Exhaust Gas Detection Actually Works - 2012 Nissan Quest Long-Term Road Test

2012 Nissan Quest Long Term Road Test

2012 Nissan Quest LE: Exhaust Gas Detection Actually Works

April 02, 2012


Let's get this out of the way right now: That's a diesel-powered Jeep Wrangler in front of me. Yes, diesel. It's an older model and clearly had an engine swap. Also, based on the frequency and intensity of the black exhaust pouring from its tailpipe, little care was given to the diesel engine's emissions system. Such is the curse/blessing of a diesel swap in California. But that's not what I'm here to talk about.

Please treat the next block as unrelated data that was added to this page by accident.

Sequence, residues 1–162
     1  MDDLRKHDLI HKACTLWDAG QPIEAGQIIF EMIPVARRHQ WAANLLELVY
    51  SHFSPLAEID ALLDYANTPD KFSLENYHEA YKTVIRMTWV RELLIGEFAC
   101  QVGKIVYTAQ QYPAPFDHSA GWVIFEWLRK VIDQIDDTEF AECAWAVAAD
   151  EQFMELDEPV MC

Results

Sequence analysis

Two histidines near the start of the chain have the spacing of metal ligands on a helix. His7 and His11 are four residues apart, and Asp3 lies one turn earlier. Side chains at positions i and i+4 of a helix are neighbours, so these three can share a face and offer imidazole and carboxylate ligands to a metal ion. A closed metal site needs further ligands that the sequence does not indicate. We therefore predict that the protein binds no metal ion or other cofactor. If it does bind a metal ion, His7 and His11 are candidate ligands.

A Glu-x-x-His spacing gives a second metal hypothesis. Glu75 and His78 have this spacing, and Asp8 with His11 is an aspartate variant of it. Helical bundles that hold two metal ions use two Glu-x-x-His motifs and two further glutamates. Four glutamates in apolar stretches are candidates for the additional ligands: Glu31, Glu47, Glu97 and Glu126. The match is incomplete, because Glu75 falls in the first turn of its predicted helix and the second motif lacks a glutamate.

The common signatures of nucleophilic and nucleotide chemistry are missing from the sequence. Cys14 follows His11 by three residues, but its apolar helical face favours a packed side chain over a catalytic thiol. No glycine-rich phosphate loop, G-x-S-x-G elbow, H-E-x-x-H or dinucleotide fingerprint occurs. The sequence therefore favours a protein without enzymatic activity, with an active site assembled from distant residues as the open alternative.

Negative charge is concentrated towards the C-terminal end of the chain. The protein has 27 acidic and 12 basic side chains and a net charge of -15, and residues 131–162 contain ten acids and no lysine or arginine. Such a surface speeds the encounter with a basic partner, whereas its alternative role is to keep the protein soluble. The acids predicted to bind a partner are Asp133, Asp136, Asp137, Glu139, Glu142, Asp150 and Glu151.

I followed this guy in the Quest for five or so miles down an isolated road in the Cleveland National Forest. There were no other cars on the road and we were miles from civilization. I can confirm that the van's Exhaust Gas Detection system isn't a gimmick. Every time the Wrangler driver would open the throttle, the Jeep emitted a thick stream of black soot which I intentionally drove through.

Only on one brief occassion did I detect the stench of diesel exhaust. This, I'd guess, is because the system in only active when in "auto recircluation" mode. I left it in this mode the whole time, but because the Jeep didn't spew stink the whole time, I presume the system switched to recirculation only when necessary. Could be that it requires a few seconds to react. In any case, this was an succesful showing for a system which I doubted until now.

Good work, Nissan. Now if you could do something about stink coming from inside the van.

Josh Jacquot, Senior editor

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